hat tip-Booker Rising

Amy Chua: “Why Chinese Mothers Are Superior”

The Chinese-American professor at Yale Law School pens a long op-ed for The Wall Street Journal, which has gotten more than 3,500 reader comments. Dr. Chua has a new parenting memoir out, called Battle Hymn Of The Tiger Mother “A lot of people wonder how Chinese parents raise such stereotypically successful kids. They wonder what these parents do to produce so many math whizzes and music prodigies, what it’s like inside the family, and whether they could do it too. Well, I can tell them, because I’ve done it. Here are some things my daughters, Sophia and Louisa, were never allowed to do:

• attend a sleepover
• have a playdate
• be in a school play
• complain about not being in a school play
• watch TV or play computer games
• choose their own extracurricular activities
• get any grade less than an A
• not be the No. 1 student in every subject except gym and drama
• play any instrument other than the piano or violin
• not play the piano or violin.

I’m using the term ‘Chinese mother’ loosely. I know some Korean, Indian, Jamaican, Irish and Ghanaian parents who qualify too. Conversely, I know some mothers of Chinese heritage, almost always born in the West, who are not Chinese mothers, by choice or otherwise. I’m also using the term ‘Western parents’ loosely. Western parents come in all varieties. All the same, even when Western parents think they’re being strict, they usually don’t come close to being Chinese mothers. For example, my Western friends who consider themselves strict make their children practice their instruments 30 minutes every day. An hour at most. For a Chinese mother, the first hour is the easy part. It’s hours two and three that get tough.”

First of all, I believe Professor Chua is patting herself on the back way too soon. Her children haven’t even made it through ‘Fool’s Hill’ (13-19). When they are ensconced in some Ivy League school and haven’t lost their minds at the first taste of real freedom away from her, and have learned the delicate work/life balance and excelled at both, THEN she can pat herself on the back.

I look at the list and there are some issues for me (piano/violin and nothing else?) there’s a whole world of instruments out there that are beautiful and if you want to get the benefits of what music brings to a child, they have to love the music that they create. very few children that pick up an instrument will make it a profession, but it is the love of the music that YOU create is what keeps the child going, year after year.

The playdates thing – um, what happened to your child socializing with others? Sleepovers, I somewhat understand, if you don’t really know the family, but playdates, where you’re sitting right there with the kids?

Be in a school play? I don’t understand this in the least. Expressing creativity in a child is a positive thing. There are so many things to do in a play, and the community involvement, the knowing of what it feels like to be a part of something, and to participate in it, is a wonderful thing. I didn’t act; couldn’t sew a costume, or was artistic enough to design sets. What I did have was organizational skills, and helped keep the trains running during the production, making sure all the little details wound up being taken care of so that the presentation to the school seemed flawless. Even if you aren’t the artistic type, I think there’s something to be learned from them.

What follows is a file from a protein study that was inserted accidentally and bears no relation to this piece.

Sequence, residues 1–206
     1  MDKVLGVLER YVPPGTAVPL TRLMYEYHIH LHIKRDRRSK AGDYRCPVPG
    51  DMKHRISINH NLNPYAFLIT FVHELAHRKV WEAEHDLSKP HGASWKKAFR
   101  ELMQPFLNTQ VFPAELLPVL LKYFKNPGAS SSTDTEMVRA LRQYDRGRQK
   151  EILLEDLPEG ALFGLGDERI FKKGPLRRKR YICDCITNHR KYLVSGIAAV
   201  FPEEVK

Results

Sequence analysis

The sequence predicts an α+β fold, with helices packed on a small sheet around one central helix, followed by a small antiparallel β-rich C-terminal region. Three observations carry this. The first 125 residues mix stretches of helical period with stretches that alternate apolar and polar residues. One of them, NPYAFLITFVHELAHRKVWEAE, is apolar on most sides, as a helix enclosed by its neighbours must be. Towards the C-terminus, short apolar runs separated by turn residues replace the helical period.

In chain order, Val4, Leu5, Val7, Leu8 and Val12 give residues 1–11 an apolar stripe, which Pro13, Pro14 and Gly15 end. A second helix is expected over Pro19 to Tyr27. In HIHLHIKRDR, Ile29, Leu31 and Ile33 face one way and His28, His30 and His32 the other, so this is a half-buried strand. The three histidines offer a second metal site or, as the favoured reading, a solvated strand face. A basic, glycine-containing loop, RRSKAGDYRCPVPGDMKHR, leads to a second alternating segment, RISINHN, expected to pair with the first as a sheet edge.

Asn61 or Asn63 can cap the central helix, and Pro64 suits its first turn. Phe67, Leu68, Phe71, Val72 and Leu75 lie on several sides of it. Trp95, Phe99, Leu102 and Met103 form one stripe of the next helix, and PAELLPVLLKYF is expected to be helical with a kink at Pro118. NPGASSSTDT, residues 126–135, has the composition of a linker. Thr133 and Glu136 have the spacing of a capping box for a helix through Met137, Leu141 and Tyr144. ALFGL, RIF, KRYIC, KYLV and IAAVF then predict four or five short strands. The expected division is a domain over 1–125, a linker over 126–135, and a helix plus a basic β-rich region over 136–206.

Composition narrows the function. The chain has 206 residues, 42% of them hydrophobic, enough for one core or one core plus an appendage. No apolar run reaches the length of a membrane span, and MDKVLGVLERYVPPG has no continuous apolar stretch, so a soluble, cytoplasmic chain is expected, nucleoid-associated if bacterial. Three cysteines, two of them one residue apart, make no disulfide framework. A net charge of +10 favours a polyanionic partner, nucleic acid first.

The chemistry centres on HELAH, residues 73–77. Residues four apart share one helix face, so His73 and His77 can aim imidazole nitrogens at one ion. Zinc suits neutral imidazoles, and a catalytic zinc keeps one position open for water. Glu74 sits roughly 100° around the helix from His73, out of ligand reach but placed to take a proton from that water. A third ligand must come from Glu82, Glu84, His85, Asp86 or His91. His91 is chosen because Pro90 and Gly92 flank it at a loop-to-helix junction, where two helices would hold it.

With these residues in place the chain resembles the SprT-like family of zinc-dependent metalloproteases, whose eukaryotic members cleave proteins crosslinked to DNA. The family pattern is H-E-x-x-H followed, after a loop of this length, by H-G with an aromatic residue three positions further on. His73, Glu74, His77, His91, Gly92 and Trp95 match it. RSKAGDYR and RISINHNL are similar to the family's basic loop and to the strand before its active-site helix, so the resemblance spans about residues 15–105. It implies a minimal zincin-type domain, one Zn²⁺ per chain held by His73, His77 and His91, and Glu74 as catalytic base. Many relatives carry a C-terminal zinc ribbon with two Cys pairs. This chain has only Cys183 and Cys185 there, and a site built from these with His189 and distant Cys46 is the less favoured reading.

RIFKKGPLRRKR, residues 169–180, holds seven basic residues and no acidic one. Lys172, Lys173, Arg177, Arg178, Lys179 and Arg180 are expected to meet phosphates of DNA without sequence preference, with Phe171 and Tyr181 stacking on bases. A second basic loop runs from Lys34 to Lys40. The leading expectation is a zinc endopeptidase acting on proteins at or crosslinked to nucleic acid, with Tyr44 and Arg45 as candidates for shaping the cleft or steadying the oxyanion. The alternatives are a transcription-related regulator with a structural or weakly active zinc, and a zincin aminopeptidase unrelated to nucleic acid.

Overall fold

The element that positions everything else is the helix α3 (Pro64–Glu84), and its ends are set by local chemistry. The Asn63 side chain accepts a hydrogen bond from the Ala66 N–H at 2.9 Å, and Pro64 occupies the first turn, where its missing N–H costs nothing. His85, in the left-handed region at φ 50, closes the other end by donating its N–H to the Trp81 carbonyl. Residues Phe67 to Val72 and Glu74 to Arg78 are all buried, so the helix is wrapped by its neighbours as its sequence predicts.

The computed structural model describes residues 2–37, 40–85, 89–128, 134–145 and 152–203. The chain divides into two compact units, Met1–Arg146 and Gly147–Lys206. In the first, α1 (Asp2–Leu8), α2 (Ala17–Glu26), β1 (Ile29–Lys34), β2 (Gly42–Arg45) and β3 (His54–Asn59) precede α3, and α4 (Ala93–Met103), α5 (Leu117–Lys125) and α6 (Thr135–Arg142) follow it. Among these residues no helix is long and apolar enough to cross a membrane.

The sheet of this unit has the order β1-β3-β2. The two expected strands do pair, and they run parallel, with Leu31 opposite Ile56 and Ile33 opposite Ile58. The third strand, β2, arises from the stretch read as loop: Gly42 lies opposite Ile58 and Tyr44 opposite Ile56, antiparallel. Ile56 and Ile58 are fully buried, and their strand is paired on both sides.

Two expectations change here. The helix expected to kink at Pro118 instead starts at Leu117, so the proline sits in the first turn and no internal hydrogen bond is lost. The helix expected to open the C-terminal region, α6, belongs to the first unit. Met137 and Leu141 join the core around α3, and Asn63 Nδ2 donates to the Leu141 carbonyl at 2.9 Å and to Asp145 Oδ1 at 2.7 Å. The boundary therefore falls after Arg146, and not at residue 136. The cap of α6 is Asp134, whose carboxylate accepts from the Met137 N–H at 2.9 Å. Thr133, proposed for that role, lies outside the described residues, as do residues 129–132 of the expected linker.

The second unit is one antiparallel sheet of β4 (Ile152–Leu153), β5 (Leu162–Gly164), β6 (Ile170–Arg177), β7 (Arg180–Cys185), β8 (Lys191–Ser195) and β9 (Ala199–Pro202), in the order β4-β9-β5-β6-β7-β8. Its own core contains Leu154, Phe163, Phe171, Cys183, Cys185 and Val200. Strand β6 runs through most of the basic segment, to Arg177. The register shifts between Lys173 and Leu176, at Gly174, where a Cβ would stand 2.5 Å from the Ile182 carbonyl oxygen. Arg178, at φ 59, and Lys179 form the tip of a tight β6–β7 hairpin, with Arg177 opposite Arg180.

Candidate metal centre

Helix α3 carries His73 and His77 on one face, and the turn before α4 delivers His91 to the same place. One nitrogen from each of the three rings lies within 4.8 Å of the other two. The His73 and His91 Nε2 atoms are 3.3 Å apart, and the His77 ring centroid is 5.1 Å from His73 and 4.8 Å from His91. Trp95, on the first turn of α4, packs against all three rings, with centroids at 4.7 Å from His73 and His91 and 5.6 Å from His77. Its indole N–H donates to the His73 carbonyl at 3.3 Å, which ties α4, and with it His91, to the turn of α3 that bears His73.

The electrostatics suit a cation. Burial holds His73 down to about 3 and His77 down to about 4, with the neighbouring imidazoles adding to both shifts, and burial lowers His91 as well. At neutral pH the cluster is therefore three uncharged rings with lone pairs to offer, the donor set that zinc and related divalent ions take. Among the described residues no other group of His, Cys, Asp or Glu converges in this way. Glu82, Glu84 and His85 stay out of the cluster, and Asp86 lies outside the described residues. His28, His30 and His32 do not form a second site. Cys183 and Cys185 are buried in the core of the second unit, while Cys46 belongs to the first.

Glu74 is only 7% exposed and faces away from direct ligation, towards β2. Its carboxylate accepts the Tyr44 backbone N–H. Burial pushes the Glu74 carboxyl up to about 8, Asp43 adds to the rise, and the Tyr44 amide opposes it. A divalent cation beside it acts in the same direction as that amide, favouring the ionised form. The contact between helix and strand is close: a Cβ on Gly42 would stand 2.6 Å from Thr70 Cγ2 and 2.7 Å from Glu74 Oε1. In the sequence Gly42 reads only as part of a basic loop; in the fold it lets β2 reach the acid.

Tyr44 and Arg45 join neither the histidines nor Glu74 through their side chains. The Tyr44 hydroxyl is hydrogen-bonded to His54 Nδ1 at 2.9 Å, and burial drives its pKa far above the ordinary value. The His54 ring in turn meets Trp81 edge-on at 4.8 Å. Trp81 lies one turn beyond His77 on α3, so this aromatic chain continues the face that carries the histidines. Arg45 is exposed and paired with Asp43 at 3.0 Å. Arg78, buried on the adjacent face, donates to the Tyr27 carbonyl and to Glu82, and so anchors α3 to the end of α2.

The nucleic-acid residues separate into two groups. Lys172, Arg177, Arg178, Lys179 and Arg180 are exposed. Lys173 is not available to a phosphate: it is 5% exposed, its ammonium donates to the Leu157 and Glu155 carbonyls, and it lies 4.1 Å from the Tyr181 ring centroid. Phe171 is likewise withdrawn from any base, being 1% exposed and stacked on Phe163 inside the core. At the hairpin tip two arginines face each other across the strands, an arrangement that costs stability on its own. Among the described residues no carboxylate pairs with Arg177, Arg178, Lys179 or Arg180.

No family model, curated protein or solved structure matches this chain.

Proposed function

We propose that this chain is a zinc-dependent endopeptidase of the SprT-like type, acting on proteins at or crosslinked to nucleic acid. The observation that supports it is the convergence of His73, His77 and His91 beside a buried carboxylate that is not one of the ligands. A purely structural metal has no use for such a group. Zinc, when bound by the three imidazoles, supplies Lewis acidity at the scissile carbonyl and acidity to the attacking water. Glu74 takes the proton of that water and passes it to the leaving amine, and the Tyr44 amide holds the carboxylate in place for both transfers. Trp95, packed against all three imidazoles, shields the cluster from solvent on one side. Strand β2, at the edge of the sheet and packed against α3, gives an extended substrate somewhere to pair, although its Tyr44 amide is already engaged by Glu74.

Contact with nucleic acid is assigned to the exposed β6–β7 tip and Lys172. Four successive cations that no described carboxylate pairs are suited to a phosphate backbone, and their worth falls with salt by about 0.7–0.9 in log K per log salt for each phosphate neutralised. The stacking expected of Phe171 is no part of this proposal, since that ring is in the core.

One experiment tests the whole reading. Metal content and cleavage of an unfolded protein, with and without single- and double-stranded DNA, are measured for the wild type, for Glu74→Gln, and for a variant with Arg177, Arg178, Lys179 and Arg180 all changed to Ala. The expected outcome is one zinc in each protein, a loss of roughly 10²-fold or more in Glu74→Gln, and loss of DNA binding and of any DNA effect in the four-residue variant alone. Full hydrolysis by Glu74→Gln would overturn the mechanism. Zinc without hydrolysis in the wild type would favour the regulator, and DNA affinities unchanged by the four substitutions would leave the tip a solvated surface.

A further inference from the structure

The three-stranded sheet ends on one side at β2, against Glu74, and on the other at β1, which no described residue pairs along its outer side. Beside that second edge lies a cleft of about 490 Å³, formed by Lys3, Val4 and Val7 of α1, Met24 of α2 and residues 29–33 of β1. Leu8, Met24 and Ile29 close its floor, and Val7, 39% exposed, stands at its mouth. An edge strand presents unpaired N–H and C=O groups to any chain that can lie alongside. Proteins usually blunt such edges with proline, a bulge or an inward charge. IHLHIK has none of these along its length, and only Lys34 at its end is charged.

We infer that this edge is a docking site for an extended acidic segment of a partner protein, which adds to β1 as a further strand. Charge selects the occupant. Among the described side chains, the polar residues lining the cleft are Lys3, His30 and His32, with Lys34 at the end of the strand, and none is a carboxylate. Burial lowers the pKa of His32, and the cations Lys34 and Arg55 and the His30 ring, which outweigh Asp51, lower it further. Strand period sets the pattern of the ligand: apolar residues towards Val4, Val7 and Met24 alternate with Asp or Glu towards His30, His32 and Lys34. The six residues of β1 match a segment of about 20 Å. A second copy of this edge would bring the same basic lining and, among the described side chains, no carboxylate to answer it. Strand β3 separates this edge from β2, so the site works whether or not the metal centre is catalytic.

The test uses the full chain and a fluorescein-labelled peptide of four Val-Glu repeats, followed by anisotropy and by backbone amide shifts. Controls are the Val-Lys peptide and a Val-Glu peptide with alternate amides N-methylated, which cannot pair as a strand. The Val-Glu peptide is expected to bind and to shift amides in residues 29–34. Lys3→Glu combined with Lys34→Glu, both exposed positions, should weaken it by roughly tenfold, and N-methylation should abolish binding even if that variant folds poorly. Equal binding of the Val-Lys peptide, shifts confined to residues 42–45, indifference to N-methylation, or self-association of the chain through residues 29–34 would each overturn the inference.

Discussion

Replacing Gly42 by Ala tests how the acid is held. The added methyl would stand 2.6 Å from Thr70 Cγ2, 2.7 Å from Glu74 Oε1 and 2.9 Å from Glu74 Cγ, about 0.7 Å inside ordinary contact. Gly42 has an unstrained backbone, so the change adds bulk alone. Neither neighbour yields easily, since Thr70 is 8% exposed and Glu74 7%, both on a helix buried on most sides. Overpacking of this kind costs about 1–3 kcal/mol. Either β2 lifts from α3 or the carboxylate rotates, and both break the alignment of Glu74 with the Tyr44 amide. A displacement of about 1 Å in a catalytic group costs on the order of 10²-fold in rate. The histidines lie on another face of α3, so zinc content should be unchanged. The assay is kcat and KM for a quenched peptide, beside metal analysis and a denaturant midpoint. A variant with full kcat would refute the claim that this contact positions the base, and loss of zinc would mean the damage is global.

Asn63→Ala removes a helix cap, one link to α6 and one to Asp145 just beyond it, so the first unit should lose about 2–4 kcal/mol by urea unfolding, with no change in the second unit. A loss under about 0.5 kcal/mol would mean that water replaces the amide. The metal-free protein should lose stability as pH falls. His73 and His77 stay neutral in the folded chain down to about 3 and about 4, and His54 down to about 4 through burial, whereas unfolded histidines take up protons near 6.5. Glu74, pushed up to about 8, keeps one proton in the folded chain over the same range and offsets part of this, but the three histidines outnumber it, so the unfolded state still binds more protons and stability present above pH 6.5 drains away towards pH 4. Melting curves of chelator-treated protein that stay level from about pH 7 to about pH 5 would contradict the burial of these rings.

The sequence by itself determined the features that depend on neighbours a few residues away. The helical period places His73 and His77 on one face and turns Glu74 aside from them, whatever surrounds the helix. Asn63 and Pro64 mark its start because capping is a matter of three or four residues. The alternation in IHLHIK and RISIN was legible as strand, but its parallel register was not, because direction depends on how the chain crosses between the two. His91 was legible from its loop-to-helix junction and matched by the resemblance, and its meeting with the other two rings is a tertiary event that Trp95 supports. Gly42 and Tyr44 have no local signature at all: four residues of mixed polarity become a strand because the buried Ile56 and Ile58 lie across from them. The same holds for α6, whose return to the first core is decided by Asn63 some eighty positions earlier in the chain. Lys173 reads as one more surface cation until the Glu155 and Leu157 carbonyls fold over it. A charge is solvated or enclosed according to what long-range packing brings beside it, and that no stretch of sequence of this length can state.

If a child doesn’t pick their own extracurriculars, then why would they stick with them when it became tiresome. One of the most effective retorts Mama and Daddy had with me was – ‘ you chose to be in this; you have an obligation to fulfill your commitment.’ If it’s not something the kid chose in the first place, then this logic doesn’t work.

I don’t feel like there’s anything wrong with setting high standards for your children. But, you must give them the space to be children. What if they can’t be the number 1 student in certain subjects- does that make them a failure? I’m not really a follower of the ‘self-esteem at all costs’ type of parenting, but I’ve seen enough wound up overachievers that were a hairsbreath away from a suicide note to know that there has to be some sort of a happy medium.

I was amused reading the comments thread over at the WSJ. Nothing like the perceived insult to White upper-middle class folks to get them to go overboard-it was 3500 comments, and that was the middle of last week….LOL

I don’t have children yet, but I think I’m going to be Old School if ever I have them. I’m not gonna be their ‘ friend’. I agree with Mama on that.
My mother was clear-

” I’m not your friend-I’m your Mama. I will never be your friend, and in doing so, I might be dead and buried, but you’ll see – I’ll be the best friend you ever had.”

She didn’t have to be dead and buried for me to have recognized the wisdom of her words.

I think Professor Chua was just having some fun. At least I hope she was.

So, what say you, JJP…..Are Chinese mothers better?

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